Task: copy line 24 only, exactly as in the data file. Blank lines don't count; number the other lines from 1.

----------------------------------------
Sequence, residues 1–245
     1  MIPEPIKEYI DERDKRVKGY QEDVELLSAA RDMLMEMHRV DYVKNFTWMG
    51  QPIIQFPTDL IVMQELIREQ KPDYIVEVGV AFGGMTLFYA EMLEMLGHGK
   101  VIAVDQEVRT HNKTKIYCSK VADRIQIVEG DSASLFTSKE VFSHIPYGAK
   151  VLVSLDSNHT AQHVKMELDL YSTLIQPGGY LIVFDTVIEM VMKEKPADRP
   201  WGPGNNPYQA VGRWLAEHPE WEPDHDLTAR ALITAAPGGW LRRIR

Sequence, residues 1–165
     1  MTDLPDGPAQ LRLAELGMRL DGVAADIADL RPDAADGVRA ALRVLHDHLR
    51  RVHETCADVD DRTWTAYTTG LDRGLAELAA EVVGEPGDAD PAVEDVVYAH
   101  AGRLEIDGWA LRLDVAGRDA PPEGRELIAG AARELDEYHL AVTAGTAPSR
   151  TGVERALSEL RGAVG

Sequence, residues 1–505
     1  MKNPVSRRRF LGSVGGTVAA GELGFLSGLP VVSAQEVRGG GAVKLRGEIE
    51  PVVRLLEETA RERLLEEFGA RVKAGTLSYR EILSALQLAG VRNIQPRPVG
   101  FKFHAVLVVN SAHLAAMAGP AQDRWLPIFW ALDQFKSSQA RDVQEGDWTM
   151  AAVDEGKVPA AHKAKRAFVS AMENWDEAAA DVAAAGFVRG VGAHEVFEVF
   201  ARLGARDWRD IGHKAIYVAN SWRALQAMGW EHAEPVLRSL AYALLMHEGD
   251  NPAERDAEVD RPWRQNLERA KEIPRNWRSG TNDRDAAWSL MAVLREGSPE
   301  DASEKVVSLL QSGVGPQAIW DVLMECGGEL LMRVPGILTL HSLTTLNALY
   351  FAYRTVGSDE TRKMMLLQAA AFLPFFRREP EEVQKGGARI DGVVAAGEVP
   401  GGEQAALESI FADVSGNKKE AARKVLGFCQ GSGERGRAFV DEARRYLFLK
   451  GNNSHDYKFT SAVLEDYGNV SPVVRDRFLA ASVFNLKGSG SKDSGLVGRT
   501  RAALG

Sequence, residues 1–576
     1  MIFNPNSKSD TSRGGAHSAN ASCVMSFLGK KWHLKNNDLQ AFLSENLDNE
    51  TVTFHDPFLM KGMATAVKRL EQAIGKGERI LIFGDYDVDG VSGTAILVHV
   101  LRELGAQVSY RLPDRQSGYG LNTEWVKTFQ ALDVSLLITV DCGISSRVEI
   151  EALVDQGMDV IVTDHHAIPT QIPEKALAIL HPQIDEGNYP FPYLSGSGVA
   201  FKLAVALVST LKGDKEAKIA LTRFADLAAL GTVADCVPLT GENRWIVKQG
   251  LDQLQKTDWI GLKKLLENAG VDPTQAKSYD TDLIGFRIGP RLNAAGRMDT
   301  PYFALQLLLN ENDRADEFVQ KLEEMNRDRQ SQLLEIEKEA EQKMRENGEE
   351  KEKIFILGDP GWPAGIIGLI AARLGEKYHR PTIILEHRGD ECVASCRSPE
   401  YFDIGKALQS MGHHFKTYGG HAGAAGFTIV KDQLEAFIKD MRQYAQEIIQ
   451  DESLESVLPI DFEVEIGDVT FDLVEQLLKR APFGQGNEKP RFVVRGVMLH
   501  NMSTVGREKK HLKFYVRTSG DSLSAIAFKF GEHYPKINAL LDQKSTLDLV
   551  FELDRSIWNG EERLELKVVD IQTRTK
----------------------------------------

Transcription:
Sequence, residues 1–576